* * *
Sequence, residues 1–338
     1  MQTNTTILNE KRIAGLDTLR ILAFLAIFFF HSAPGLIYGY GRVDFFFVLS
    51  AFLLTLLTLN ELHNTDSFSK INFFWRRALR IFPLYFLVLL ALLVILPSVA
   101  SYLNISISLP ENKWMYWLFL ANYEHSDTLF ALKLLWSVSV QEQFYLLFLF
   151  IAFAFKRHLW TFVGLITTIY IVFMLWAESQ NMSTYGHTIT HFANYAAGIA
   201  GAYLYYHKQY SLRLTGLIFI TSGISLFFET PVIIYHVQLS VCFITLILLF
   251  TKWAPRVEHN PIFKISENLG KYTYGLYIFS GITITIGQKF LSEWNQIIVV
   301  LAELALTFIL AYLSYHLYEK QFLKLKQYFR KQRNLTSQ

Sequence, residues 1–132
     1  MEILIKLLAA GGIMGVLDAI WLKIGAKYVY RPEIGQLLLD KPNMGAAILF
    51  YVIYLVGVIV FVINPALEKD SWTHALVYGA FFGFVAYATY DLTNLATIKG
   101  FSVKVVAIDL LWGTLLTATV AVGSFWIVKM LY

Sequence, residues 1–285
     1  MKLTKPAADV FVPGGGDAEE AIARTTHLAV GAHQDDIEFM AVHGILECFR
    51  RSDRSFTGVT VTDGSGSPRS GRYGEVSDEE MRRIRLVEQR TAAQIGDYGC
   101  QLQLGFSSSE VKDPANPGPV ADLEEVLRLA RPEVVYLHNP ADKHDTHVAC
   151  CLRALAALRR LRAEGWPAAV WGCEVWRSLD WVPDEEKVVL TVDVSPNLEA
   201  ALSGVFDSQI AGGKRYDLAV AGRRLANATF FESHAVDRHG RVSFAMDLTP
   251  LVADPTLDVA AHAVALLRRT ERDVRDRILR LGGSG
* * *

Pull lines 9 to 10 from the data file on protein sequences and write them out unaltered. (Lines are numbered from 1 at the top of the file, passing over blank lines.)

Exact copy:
Sequence, residues 1–132
     1  MEILIKLLAA GGIMGVLDAI WLKIGAKYVY RPEIGQLLLD KPNMGAAILF